Prabhouti’s husband had died, leaving her with four sons. The life of a widow is always hard in Prabhouti’s village – a woman’s standing and rights depend solely on her husband. Girls are not usually educated in Prabhouti’s community, so women left on their own lack any skills they can use to support themselves. A childhood encounter with polio had left Prabhouti unable to walk long distances, meaning her options were even more limited.
Prabhouti’s widowhood should have been less painful, though, since her four boys would be available to support her. In Prabhouti’s culture, care for aging parents is seen as the responsibility of sons. One son is enough insurance for parents – four is a wealth of blessing.
She arranged her eldest son’s wedding, relieved to have the first one settled. However, he and his new wife soon decided they couldn’t manage to support Prabhouti as well as themselves. He moved his family to another area of the village and ignored his mother’s pleas for help. The second son soon followed suit and left to find his fortune in the city. Left with two school-aged sons to support, Prabhouti suddenly found her situation more desperate than she imagined it could be.
In this culture, the ideal woman enters her husband’s house with marriage at a young age and isn’t expected to emerge until she’s carried out on her funeral pyre. Her house and family become her entire world and she usually doesn’t know her neighbors. So Prabhouti had no idea that just around the corner, Pavitr was struggling in remarkably similar ways.
Pavitr’s husband had died, leaving her with a son and daughter. Unlike Prabhouti, Pavitr was able-bodied. She also, however, lacked any sort of education to help her get a job to support her family. She had never been taught how to set long-term goals or make a plan to reach her goals. Each day was only followed by another one of hunger and fear of the next.
One day, however, Prabhouti, Pavitr, and their neighbor Sambha were invited to join ten other women from their village in forming a women’s “self-help and savings group|. The village had never heard of such a thing and some neighbors warned them against joining. “They’ll just take your money and run,” someone cautioned. “What can a woman do?” others chanted the traditional refrain.
Prabouti, Pavitr, and Sambha had very little to lose and, desperate, they joined over and against the objections of those around them. That was twelve years ago.
The invitation came from Chetna, a partner ministry of SIM run by the Emmanuel Hospital Association. At the time, one of their strategic initiatives was to start self-help and savings groups in villages across their districts of concentration. They hoped that strong groups of women who’d learned vital skills would be able to carry on caring for their communities even once Chetna was no long able to help them.
In the self-help group, the women first started to save money, each one managing to find a way to set aside ten or fifteen rupees ($0.15USD) a month to put into the group savings account. Their monthly meetings included basic teaching about health issues, making good goals and plans, and community leadership. They discussed family and community issues and began learning how to advocate on their community’s behalf. They emerged from their houses to learn how to deposit their own money in the bank. They found a literate woman in their village who, with material Chetna provided, taught them to read and do basic sums.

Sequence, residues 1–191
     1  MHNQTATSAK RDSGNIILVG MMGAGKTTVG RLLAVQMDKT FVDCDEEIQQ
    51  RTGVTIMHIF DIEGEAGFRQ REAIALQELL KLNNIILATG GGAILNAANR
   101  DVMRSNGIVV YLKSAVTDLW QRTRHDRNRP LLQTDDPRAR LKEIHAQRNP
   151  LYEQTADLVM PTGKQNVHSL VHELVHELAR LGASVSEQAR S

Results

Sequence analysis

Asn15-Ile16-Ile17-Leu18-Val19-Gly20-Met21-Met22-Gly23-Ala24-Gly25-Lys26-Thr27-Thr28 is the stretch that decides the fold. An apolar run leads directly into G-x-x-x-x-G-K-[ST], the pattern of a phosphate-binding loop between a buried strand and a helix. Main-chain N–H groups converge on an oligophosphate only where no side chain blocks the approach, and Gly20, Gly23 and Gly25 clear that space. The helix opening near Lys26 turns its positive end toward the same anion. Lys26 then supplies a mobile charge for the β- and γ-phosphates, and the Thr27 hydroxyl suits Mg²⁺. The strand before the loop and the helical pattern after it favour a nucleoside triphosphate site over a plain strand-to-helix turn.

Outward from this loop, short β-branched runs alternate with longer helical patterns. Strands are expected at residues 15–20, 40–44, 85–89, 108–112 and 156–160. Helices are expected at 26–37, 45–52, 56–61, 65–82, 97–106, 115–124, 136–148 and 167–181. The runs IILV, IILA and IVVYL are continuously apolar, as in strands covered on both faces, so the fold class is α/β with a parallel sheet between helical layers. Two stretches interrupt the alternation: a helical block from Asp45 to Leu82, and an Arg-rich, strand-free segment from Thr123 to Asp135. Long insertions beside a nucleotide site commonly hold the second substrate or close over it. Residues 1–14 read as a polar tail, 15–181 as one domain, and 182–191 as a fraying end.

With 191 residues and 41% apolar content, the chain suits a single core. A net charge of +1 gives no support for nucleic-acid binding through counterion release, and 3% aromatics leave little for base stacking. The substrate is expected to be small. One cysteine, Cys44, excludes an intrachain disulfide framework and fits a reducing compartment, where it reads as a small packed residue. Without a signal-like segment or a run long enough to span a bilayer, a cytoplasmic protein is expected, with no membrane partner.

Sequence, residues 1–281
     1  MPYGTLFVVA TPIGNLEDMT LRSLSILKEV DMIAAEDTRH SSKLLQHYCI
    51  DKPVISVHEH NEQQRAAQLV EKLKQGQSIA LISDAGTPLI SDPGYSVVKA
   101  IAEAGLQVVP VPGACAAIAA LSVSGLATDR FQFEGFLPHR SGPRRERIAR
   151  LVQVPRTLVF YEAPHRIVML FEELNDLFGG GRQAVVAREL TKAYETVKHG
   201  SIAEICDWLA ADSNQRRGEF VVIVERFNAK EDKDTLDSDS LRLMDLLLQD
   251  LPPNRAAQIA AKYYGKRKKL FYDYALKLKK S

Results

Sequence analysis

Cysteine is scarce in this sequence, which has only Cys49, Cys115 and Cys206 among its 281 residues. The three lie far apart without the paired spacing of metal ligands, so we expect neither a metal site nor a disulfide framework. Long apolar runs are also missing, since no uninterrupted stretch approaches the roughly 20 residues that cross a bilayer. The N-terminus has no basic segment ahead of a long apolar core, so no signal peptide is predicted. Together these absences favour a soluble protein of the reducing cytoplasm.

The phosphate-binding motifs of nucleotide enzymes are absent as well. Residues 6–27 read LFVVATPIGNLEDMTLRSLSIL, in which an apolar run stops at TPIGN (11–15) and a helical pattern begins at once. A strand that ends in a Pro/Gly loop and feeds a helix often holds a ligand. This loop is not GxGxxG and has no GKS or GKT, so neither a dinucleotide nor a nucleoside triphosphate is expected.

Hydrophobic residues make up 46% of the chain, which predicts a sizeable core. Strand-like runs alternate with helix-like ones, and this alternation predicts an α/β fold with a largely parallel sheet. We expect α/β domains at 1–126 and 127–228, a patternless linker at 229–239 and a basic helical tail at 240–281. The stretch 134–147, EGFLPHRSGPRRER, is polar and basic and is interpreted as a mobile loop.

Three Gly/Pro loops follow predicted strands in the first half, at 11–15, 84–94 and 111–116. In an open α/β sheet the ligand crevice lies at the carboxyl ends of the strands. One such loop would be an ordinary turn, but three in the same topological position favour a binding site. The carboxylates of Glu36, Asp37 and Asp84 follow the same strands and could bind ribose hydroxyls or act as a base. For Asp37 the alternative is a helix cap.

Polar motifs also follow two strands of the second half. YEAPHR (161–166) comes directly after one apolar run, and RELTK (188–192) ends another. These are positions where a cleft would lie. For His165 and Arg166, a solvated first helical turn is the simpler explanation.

Sambha had already been running a small shop before she joined the group. Selling things like rice, sugar, lentils, and tobacco helped provide for her family’s daily needs. However, being illiterate meant that Sambha kept figures for her store in her head – including things bought on credit. She learned how to read, write, and keep a ledger in the women’s group. She became even more profitable once she had proper accounts and wasn’t at the mercy of customers’ honesty about how much they’d borrowed.
Pavitr took what she learned from the women’s group and made not only a plan for her immediate future, but her children’s as well. She started a daily needs shop that soon made enough to pay for her children’s school fees. As a family, they’ve discussed possible career options and have decided to aim for government jobs in India’s massive railway system. When reminded of how much money training for jobs like that require, Pavitr folds her arms casually. “My children are studying really well. What’s with money when my children are studying so well? There will be money.” Pavitr sets aside money each month in anticipation of their future needs.
Prabhouti knew running a shop would be too physically demanding for her, so she used her savings from the group to purchase the supplies to make a local potato snack. Every morning, she makes them and every afternoon sells them to people returning from school or work. It helps support her and her two sons. The oldest of the two left has started talking about leaving the village to find work somewhere else. Prabhouti worries she won’t be able to get the supplies to make her snacks without his help.
If he leaves, however, this time Prabhouti won’t be completely alone. Just around the corner is Pavitr and across the street is Sambha – neighbors she didn’t know before the self-help group. They’ve learned so much more than savings and self-help. The group taught them about community and what they’re capable of when women come together.